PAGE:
Social Romanticisms is emerging as a topic that informs a cluster of research being undertaken by Jacqueline Labbe, Emma Mason and Jon Mee, spanning the period from the mid-eighteenth century to the end of the Romantic period (approximately 1750-1835).
In a multiplicity of ways, we see our work as advancing understandings of sociability, periodization, reception, textuality, print culture, literary history, and differing types of transition within the period. The intellectual invention of the ‘social’ as evinced by the growth of salon culture, the coffee shop, and religious, philosophical and literary discussion groups informs much of our research. Social Romanticisms encompasses ideas of circulation and social spaces: the literary space of the bookshop, the religious space of the chapel, the conversational space of the salon, the Enlightenment space of the dining room, the networking spaces of the parlor and the drawing room. These spaces find play in fiction, poetry, history, philosophy, and theology, while the ideas pursued by the individual members of the group stock a kind of virtual print shop.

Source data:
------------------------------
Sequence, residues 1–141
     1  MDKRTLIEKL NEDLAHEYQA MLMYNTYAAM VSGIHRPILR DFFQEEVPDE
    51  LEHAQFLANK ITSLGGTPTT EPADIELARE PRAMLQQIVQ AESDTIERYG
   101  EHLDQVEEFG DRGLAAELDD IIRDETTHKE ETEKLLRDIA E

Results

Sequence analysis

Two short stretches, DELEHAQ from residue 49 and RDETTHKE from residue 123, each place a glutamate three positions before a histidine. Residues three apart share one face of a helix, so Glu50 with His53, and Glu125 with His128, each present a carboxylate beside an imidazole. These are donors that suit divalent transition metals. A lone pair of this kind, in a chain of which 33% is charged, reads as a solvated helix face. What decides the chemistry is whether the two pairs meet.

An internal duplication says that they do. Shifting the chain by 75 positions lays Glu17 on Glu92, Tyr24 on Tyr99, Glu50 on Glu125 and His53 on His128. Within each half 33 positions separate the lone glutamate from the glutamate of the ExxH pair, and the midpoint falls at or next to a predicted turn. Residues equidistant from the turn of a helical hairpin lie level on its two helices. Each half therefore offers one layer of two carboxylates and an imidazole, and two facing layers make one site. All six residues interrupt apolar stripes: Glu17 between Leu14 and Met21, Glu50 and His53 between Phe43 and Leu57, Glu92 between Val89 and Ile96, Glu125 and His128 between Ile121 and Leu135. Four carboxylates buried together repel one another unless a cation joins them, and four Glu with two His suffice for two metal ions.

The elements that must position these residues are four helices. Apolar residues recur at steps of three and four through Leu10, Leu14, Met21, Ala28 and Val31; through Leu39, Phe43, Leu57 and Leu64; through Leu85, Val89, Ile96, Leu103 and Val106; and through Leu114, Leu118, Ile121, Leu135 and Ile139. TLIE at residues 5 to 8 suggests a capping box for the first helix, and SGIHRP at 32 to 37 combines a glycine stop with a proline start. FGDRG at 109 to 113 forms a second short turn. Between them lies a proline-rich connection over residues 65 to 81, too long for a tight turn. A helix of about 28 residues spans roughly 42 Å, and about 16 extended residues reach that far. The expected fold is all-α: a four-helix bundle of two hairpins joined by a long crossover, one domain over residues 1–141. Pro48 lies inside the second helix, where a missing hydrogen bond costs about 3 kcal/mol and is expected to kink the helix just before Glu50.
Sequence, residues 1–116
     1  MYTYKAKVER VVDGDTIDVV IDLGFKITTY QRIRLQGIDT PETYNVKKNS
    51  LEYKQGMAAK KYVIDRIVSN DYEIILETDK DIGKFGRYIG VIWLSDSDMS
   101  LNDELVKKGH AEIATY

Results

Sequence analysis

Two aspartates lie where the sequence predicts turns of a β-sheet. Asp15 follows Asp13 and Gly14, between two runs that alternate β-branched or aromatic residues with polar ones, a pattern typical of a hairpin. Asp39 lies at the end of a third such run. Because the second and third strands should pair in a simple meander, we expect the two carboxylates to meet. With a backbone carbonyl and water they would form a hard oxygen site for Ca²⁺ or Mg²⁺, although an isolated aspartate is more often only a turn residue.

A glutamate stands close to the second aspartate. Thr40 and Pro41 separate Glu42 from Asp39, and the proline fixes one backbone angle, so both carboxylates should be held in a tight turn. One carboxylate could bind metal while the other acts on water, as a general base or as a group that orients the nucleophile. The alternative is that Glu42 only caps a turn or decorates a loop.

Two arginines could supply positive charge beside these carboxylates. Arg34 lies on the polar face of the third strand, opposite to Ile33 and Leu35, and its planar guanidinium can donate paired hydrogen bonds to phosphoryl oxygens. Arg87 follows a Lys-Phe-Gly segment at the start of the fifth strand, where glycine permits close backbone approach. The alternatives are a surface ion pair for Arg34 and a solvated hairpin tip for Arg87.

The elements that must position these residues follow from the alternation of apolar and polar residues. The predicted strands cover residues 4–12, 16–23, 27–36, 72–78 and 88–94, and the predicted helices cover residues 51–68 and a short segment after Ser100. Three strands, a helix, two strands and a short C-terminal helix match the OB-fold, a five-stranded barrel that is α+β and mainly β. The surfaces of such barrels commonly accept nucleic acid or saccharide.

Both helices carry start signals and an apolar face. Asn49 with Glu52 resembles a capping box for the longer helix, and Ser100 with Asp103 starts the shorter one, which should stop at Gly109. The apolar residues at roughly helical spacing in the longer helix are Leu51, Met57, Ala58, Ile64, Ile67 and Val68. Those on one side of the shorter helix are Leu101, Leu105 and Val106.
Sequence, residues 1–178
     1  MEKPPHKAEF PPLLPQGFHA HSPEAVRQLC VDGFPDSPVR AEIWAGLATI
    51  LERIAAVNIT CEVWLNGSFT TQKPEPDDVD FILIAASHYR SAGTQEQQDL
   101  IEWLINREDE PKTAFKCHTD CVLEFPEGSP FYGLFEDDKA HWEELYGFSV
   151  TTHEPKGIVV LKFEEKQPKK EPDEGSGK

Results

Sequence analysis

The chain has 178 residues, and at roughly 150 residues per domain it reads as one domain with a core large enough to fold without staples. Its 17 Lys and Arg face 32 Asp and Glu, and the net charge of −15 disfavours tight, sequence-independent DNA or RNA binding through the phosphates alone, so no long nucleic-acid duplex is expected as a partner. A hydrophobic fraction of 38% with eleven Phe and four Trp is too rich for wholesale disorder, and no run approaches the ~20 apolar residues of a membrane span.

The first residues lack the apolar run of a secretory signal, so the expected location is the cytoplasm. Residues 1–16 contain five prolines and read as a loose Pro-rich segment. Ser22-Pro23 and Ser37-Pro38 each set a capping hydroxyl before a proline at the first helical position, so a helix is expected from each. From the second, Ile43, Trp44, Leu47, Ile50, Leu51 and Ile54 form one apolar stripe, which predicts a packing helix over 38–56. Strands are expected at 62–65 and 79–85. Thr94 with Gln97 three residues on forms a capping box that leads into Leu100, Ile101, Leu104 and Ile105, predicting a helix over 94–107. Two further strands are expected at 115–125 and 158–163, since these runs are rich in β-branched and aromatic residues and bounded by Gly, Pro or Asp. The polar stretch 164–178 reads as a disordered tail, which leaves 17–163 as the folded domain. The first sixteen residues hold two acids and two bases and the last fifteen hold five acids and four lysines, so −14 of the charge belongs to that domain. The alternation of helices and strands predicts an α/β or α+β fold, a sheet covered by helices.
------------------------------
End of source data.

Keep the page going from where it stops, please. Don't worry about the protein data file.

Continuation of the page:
Colleagues working under the aegis of Social Romanticisms do not confine our work to a single focus but rather find that the variety of projects underway reflects a versatile and energetic approach to the study of the literature and culture of the eighteenth and early nineteenth centuries. We are currently working towards the development of a new research project that explores the implications of Social Romanticisms, circulation and social spaces.